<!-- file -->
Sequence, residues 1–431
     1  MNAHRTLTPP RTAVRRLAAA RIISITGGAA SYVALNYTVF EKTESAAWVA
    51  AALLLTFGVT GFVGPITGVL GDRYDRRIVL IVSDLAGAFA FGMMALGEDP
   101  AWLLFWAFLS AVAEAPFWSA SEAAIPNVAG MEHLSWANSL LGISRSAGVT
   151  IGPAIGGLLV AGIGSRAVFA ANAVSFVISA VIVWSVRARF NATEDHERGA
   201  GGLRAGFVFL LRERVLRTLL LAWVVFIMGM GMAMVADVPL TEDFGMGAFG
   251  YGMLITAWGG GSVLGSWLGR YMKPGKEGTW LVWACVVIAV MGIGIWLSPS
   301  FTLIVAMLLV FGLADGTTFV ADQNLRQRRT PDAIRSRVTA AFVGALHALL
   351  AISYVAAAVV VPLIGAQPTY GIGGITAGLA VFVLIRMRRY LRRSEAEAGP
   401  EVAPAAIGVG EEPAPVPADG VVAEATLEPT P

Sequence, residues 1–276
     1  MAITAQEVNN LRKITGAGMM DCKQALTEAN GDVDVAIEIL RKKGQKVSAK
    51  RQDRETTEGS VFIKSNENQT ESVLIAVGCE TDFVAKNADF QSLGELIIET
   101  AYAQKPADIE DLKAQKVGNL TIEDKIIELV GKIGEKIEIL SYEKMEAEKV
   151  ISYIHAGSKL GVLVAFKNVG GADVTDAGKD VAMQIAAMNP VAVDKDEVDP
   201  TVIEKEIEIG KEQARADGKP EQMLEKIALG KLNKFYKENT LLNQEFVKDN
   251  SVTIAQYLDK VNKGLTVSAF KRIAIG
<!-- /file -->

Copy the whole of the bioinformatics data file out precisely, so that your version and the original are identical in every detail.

Sequence, residues 1–431
     1  MNAHRTLTPP RTAVRRLAAA RIISITGGAA SYVALNYTVF EKTESAAWVA
    51  AALLLTFGVT GFVGPITGVL GDRYDRRIVL IVSDLAGAFA FGMMALGEDP
   101  AWLLFWAFLS AVAEAPFWSA SEAAIPNVAG MEHLSWANSL LGISRSAGVT
   151  IGPAIGGLLV AGIGSRAVFA ANAVSFVISA VIVWSVRARF NATEDHERGA
   201  GGLRAGFVFL LRERVLRTLL LAWVVFIMGM GMAMVADVPL TEDFGMGAFG
   251  YGMLITAWGG GSVLGSWLGR YMKPGKEGTW LVWACVVIAV MGIGIWLSPS
   301  FTLIVAMLLV FGLADGTTFV ADQNLRQRRT PDAIRSRVTA AFVGALHALL
   351  AISYVAAAVV VPLIGAQPTY GIGGITAGLA VFVLIRMRRY LRRSEAEAGP
   401  EVAPAAIGVG EEPAPVPADG VVAEATLEPT P

Sequence, residues 1–276
     1  MAITAQEVNN LRKITGAGMM DCKQALTEAN GDVDVAIEIL RKKGQKVSAK
    51  RQDRETTEGS VFIKSNENQT ESVLIAVGCE TDFVAKNADF QSLGELIIET
   101  AYAQKPADIE DLKAQKVGNL TIEDKIIELV GKIGEKIEIL SYEKMEAEKV
   151  ISYIHAGSKL GVLVAFKNVG GADVTDAGKD VAMQIAAMNP VAVDKDEVDP
   201  TVIEKEIEIG KEQARADGKP EQMLEKIALG KLNKFYKENT LLNQEFVKDN
   251  SVTIAQYLDK VNKGLTVSAF KRIAIG